Despite the boutique feel, the light-blocking abilities of amber bottles (a benefit which the clear variety, sadly, cannot offer for photosensitive ingredients), and the other aesthetic benefits of glass bottles, there are some production drawbacks worth considering.
Along with almost never being included in a manufacture’s list of supplement packaging options (which means a notably higher initial cost), they’re notoriously difficult to package and ship without breaking. This usually results in extra measures that manifest themselves as high shipping costs.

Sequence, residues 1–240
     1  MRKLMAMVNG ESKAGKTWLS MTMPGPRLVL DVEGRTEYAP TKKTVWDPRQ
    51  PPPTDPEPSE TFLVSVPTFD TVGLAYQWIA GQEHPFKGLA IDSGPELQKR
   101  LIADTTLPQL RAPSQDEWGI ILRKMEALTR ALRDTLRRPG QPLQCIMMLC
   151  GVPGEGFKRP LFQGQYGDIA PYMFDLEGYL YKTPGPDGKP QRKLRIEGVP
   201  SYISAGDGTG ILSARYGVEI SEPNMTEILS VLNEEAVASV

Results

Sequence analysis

Resealable pouches for supplement packaging are growingly popular, thanks largely in part to their unique look, flexible feel, and cost effectiveness. Typically, to open and close them you’ll have the choice of a zipper or spout. Zippers are best for powders while spouts are best for liquids.
Pouches can be an awkward fit for some blending machines, so you’ll want to make sure they’re an appropriate choice for your manufacturer. With pouches you have the option of printing your artwork directly on the bag, but these require special machines and an experienced printer that will typically have order minimums of 5,000-10,000 bags (which you’ll need to get finished beforeyou send them to your manufacturer). With average lead times of 4-6 weeks, you’ll have to plan accordingly.